Yet Another Post Featuring Me in a Pub. Coincidence?

Yay again! After possibly having discovered a new bias, I've now coined a new phrase. It is digital thinking. Heck, we could even call this yet another bias. I'm starting this one with an anecdote, so bear with me.

About eighteen months back, a friend of mine had a birthday party which she had decided to do during the day, rather than at nighttime. But of course, arriving at noon is not a good reason not to have any alcohol, so when I left at seven or eight, I was feeling a bit tipsy. As we say in Germany, half-drunk is wasted money. Well, technically, I hadn't spent any money, but you get the idea: I frequented a local pub.

Now, here's a recommendation: If two young men approach you in a pub and ask: "Where would you put yourself politically, on the left or on the right?", you want to get out of that conversation as quickly as possible. I didn't. I said something like: "Neither. I try to make up my mind issue-by-issue. Sometimes I end up on the left, sometimes on the right, and sometimes in between." Which, of course, prompted the first bloke to ask on which issue I would place myself on the right, and I replied that criminals must be punished harshly.

So we ventured into a conversation on crime. Maybe I was in a bit of a provocative mood; at any rate, I mentioned that there are genetic influences on criminal behaviour. That idea was new to them, to say the least. I had been trying to explain the difference between the statements "That's 50% genetic" and "50% of the variance is explained by genes" for about a minute as the second bloke exclaimed: "Well, those are technicalities! What you're saying is that rehabilitation can't work!"

Erm, no. In fact, I know that some rehabilitation programmes work somewhat. The second person commited a fallacy that is rather common, as pointed out by Steven Pinker in The Blank Slate: Once you say there are genetic influences on something, people take this to mean that something is genetically determined. (In the realm of behaviour and psychology, nothing has ever been found to be genetically determined, and I would be surprised if this would ever change.)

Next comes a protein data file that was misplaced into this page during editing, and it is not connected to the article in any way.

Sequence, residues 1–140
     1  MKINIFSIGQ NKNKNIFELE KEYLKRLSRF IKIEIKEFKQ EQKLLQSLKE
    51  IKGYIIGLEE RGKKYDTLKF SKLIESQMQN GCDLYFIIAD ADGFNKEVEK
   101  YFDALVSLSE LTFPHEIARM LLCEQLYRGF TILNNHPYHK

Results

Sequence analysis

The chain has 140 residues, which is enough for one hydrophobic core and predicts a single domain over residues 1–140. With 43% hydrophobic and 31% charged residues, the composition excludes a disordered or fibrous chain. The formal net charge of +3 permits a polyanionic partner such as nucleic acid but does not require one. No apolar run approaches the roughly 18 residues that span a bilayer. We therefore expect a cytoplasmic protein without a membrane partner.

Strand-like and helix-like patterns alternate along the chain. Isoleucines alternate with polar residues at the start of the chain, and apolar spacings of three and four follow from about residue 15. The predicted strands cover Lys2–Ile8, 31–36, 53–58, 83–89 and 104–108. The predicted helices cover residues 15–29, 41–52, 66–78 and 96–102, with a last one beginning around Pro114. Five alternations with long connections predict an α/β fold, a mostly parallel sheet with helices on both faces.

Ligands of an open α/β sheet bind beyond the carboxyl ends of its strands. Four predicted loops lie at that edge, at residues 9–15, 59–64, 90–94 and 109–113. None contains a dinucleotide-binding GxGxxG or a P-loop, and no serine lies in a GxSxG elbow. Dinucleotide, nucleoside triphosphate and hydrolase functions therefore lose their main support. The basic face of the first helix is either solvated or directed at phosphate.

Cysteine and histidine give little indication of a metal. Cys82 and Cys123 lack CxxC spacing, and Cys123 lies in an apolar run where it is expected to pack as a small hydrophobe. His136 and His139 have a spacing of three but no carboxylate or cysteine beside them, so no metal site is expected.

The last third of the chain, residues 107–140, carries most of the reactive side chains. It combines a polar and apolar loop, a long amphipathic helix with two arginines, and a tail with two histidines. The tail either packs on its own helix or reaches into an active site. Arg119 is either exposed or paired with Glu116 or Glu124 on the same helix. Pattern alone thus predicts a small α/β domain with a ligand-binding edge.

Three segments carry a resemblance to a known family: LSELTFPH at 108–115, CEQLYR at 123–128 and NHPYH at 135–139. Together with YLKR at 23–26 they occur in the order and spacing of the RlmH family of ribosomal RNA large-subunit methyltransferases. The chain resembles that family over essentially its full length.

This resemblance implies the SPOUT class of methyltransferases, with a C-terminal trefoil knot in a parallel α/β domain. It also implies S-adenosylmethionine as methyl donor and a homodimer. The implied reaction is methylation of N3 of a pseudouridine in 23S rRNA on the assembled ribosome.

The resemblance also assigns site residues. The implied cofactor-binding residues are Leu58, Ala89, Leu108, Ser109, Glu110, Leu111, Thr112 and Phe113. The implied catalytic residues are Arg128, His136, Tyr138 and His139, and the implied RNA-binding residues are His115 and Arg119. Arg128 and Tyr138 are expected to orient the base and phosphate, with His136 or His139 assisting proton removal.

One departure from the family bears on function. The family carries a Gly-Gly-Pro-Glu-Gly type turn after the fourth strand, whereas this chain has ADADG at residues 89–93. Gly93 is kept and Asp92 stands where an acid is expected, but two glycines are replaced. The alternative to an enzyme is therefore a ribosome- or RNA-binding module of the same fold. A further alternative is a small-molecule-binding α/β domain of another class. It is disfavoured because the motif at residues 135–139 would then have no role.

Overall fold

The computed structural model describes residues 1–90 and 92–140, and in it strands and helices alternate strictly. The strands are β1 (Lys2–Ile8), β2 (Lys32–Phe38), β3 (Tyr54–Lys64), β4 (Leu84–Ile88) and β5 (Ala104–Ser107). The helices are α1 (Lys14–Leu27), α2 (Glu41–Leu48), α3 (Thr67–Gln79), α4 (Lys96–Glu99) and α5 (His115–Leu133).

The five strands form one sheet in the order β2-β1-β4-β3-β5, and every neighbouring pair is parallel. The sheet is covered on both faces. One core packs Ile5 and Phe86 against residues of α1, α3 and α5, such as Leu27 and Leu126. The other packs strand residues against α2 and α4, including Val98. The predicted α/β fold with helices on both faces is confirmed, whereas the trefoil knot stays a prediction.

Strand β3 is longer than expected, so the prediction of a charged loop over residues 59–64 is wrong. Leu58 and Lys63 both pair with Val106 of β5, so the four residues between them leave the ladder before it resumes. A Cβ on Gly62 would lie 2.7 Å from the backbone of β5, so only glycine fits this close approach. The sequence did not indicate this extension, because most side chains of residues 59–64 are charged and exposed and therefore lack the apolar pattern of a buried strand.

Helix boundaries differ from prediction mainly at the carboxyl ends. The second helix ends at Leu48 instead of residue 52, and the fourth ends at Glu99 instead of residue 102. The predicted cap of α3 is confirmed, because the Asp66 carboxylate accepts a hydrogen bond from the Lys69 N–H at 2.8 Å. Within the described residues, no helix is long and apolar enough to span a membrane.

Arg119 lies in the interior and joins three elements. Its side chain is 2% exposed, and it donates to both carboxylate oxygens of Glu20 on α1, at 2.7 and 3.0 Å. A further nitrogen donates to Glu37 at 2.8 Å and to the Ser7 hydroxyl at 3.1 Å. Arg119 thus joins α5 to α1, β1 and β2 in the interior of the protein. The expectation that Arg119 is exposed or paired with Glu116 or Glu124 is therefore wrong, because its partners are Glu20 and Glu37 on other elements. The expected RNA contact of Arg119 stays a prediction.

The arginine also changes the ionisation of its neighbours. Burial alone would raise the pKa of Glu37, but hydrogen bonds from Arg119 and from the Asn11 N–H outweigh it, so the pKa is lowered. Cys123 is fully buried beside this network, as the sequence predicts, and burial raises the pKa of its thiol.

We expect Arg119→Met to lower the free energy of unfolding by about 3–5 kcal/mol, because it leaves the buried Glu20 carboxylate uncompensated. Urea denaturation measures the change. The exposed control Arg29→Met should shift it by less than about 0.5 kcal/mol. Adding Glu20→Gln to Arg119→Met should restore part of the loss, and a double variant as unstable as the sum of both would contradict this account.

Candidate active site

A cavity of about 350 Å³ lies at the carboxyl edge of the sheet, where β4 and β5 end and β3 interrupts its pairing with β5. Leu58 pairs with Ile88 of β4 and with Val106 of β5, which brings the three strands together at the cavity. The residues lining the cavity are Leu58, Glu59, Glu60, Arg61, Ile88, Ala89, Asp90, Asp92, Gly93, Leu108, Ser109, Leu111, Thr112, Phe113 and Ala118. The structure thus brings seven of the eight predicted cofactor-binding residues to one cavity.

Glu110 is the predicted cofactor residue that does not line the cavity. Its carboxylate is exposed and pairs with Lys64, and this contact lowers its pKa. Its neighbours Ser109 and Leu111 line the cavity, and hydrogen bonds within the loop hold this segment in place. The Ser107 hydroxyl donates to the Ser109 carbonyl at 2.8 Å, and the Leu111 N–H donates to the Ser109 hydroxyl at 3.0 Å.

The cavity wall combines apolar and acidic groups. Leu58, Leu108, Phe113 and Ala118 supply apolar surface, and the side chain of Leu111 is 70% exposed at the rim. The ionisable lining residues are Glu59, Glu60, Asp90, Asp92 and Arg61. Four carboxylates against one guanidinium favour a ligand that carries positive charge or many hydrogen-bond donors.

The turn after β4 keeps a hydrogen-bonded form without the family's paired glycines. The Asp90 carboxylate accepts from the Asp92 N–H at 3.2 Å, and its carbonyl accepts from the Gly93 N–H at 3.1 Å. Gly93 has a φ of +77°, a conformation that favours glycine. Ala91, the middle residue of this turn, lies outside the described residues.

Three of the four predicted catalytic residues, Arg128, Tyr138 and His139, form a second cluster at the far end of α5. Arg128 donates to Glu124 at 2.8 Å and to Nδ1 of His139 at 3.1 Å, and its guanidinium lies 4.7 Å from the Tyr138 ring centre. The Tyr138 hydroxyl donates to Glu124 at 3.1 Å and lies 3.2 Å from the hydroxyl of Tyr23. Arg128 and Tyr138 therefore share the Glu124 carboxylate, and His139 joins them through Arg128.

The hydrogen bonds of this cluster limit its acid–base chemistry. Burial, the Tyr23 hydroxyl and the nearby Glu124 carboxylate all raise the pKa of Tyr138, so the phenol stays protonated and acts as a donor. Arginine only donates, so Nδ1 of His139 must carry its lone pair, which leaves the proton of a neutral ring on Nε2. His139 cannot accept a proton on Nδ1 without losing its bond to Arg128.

But that's just one instance of a more common problem: Digital Thinking. In digital systems, it's either 0 or 1. Likewise, people (as I'm not the first person to point out) have a strong tendency to see life as though things were lights that can be switched on or off, but can't be dampened. Things are either black or white. I'm not saying of couse, that people can't see shades of grey - that would be ridiculous - but rather that they are not very good at it. That's not too surprising given that seeing shades of grey is more cognitively taxing than seeing things just as black and white.

If you don't believe me, consider that even scientists - not the stupidest people on earth - think like that. Imagine a study being published in a journal that finds a positive association between X and Y, p = 0.06. Yawn! Not statistically significant. Now imagine that later a correction is published which says: "Sorry, our point estimates were correct, but there was a typo: The p-value is actually 0.04." Kawoom! The noteworthiness of the result suddenly skyrockets, despite the fact that the difference between 0.06 and 0.04 is trivial.

What really shocked those two young men in the pub, however, was when I told them I was a sociologist. As a friend of mine later put it, I, of all people, should really know better.

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